Mew Gull

A large flock of Mew Gulls (Larus canus) spends the winter at the waste water treatment plant in Forest Grove and at adjacent Fernhill Wetlands (Birding Oregon p. 61).


Mew Gulls look like a petite version of Ring-billed Gulls, with a round head, big eyes, and fine yellow bill.


Adult Mew Gulls are easily recognized in flight by the large white mirrors on the outer two primaries. Ring-billed Gulls have a smaller white mirror on the outermost primary (P10) and a tiny one on P9. You wouldn’t think the size of the white spots on two feathers would make much of a difference in identifying a flying bird, but it really does.


The bird in flight is a second-cycle Mew. He/she has lost the brown plumage of a first-cycle bird, but the tail still shows a broken blackish band, and the primaries (and primary coverts) have more black than those of an adult. Notice the small white mirror on P10 and little or no white on P9.

Advertisements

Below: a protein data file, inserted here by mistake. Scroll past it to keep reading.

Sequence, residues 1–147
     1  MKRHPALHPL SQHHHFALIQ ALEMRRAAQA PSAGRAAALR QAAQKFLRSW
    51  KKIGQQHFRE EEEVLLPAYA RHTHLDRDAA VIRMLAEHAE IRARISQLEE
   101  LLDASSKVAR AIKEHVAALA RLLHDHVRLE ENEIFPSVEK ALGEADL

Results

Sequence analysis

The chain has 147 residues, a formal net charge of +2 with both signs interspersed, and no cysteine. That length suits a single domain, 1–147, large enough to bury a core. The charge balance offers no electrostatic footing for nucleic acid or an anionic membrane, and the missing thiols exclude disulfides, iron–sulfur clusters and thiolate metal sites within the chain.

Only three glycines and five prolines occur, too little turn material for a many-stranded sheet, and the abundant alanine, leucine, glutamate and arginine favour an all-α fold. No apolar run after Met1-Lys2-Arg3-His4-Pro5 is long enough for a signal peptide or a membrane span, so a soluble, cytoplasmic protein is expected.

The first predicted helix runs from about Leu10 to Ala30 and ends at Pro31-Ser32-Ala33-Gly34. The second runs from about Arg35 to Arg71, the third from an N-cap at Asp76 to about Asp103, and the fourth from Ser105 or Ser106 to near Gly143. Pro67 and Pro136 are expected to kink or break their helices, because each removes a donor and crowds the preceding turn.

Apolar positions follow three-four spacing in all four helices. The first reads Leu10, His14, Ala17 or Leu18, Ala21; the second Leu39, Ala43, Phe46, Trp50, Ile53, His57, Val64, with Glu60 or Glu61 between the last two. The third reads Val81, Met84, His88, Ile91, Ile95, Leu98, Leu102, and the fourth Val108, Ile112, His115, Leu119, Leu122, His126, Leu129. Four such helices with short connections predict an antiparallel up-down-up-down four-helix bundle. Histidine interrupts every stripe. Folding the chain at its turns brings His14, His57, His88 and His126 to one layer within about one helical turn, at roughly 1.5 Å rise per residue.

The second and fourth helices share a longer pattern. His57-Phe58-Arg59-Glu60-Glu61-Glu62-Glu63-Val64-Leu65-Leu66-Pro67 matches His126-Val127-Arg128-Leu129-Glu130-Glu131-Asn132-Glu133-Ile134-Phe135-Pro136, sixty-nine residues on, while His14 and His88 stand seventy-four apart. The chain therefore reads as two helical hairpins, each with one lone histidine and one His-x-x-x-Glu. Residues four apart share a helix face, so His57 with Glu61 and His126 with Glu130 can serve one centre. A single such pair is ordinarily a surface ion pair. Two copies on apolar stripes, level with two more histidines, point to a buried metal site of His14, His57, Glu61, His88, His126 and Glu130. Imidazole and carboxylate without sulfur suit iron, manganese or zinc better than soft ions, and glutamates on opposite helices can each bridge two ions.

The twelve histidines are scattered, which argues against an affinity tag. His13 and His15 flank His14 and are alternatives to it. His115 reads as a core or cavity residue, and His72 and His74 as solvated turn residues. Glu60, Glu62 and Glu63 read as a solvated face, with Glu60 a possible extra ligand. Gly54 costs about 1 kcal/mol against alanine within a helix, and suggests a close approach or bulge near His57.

This entry was posted in identification challenges, species profile and tagged , . Bookmark the permalink.

One Response to Mew Gull

  1. Pingback: 19th March 2010 – Putative Mew Gull in Leicestershire | Binocularface.co.uk

Leave a Reply

Fill in your details below or click an icon to log in:

WordPress.com Logo

You are commenting using your WordPress.com account. Log Out / Change )

Twitter picture

You are commenting using your Twitter account. Log Out / Change )

Facebook photo

You are commenting using your Facebook account. Log Out / Change )

Google+ photo

You are commenting using your Google+ account. Log Out / Change )

Connecting to %s